The reason was that a fear of failure within paper-based assessments appeared to have been the prior motivation for students to study for the assessment out of class. There was a strong meaning for the students that a paper-based formative assessment was more serious, perhaps due to it being more commonly associated with summative GPA dependent tasks, (and as such, stipends and bursaries).
Whilst the population size in this study was only small (n=10) these findings demonstrate that 70% of students did not invest as much time into the preparation of formative assessments conducted by Kahoot compared to paper-based assessments. Students also described how they believed others might judge their failures on paper-based formative assessments more severely.
‘…when I did the paper-based (if I got a bad mark) my classmates would say “Oh, you got a very low mark” “Oh, my, oh my, you should do better in the next quiz” “Oh, my, you will fail” “Oh my, you should repeat the course.”…. So, it felt it was something so serious when we did paper-based.’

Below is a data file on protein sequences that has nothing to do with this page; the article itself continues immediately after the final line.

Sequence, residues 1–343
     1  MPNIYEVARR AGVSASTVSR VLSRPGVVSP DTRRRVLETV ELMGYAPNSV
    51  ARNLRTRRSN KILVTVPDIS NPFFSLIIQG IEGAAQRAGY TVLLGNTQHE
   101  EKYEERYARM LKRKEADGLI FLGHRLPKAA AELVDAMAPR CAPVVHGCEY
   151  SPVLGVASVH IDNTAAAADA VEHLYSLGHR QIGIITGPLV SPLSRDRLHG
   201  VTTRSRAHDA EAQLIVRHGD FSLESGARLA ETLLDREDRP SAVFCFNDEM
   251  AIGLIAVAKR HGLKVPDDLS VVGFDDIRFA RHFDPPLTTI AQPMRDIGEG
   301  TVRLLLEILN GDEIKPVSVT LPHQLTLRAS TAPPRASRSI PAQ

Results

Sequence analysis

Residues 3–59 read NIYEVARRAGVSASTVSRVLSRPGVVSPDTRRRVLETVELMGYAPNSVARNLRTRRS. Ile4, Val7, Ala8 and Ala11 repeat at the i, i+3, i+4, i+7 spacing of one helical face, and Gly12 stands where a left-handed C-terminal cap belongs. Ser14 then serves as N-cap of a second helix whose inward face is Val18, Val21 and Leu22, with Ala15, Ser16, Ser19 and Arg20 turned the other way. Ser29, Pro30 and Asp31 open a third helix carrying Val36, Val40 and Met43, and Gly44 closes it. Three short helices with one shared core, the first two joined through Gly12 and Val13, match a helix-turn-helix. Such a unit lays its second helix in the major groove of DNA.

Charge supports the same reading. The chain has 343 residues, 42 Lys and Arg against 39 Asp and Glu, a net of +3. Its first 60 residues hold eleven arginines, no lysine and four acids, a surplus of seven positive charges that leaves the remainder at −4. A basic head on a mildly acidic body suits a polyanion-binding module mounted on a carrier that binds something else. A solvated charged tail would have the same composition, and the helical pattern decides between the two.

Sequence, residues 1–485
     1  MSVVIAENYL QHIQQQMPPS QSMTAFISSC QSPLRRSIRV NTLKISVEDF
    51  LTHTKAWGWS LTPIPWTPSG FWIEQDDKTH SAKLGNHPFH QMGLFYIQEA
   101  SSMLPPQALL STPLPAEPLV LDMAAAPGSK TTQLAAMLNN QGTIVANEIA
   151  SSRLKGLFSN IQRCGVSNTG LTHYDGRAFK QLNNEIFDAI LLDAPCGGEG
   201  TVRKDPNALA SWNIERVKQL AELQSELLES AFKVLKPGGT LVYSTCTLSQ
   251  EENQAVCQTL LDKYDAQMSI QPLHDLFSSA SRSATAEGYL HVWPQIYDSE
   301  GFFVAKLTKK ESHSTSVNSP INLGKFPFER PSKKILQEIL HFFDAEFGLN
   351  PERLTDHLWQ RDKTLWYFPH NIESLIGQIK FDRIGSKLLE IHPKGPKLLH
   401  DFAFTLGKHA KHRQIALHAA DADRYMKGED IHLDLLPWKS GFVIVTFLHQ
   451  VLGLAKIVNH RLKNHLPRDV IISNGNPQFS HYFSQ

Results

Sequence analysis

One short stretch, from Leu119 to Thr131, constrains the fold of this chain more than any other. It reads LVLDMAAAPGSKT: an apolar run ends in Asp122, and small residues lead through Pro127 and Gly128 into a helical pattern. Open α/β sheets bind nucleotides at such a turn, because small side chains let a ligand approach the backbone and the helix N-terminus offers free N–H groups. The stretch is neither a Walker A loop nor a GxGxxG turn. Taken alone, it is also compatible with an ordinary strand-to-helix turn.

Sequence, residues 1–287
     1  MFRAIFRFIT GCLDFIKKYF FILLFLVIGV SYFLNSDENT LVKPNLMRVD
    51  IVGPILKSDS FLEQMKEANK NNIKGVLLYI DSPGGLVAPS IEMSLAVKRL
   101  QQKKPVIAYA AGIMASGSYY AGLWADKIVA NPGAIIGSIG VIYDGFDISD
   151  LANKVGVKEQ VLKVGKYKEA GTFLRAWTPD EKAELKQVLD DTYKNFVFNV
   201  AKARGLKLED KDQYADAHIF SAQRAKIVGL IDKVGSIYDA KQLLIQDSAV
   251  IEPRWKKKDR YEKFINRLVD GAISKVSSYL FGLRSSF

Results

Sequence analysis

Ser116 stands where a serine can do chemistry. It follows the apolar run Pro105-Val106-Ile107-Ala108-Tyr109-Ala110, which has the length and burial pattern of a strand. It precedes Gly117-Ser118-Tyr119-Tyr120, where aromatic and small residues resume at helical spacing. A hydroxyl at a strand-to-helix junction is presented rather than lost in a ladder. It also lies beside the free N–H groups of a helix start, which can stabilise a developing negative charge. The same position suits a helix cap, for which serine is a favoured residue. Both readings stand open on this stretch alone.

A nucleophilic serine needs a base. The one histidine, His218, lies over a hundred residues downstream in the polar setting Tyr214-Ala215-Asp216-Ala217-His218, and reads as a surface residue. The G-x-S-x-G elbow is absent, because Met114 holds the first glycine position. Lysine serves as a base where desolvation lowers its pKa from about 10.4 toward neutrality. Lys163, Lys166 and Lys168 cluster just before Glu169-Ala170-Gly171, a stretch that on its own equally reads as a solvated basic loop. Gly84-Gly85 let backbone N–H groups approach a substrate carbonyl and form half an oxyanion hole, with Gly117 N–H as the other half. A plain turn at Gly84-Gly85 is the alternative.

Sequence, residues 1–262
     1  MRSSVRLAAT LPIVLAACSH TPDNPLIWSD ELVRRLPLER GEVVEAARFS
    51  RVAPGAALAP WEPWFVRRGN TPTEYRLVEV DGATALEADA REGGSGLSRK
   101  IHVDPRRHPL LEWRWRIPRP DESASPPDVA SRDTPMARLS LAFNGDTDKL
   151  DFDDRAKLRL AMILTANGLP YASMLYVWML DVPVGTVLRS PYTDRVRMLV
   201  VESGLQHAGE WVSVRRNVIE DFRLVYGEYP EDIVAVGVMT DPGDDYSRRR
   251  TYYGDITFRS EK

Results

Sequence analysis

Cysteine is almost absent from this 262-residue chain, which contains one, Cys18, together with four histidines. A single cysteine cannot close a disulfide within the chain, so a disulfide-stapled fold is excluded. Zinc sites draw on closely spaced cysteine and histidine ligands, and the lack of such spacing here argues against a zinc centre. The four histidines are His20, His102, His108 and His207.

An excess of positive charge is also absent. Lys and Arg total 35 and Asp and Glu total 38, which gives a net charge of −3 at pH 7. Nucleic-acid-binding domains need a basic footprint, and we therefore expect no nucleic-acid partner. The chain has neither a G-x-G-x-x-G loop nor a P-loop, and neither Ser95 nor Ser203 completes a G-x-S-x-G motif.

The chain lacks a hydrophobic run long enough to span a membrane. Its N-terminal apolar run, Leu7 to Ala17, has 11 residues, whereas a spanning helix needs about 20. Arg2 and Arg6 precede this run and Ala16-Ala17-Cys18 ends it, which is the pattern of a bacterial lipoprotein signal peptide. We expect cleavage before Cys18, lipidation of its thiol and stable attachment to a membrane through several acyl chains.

Nonetheless, Students claimed that despite the lack of out of class preparations for these tests, they felt they learnt and retained more knowledge from Kahoot formative assessments than they did from more conventional paper-based assessments. Hence, although their motivation to study for Kahoot formative assessments was not increased, they believed their attainment was improved by the use of Kahoot. This was a surprising finding, given the competitive nature of these environments, it was anticipated that the tool would have stimulated greater engagement in preparation for these assessments.
Students also expressed that they unexpectedly 'enjoyed' the digital game-based learning and said that as a result, they had a more positive view of the course and their teacher than they had anticipated before the module had begun.
Students worked much more intensely in the classroom to uncover meaning and understanding from the formative assessments provided through Kahoot. However, students described how they felt they did not need to invest as much time in studying for Kahoot assessments outside of the classroom, as this type of assessment was not viewed as serious to them. Hence, there are primary contradictions evident with the amount of work deemed desirable within different contexts when Kahoot was introduced: outside of the classroom—less work, inside the classroom—more collective and engaged learning.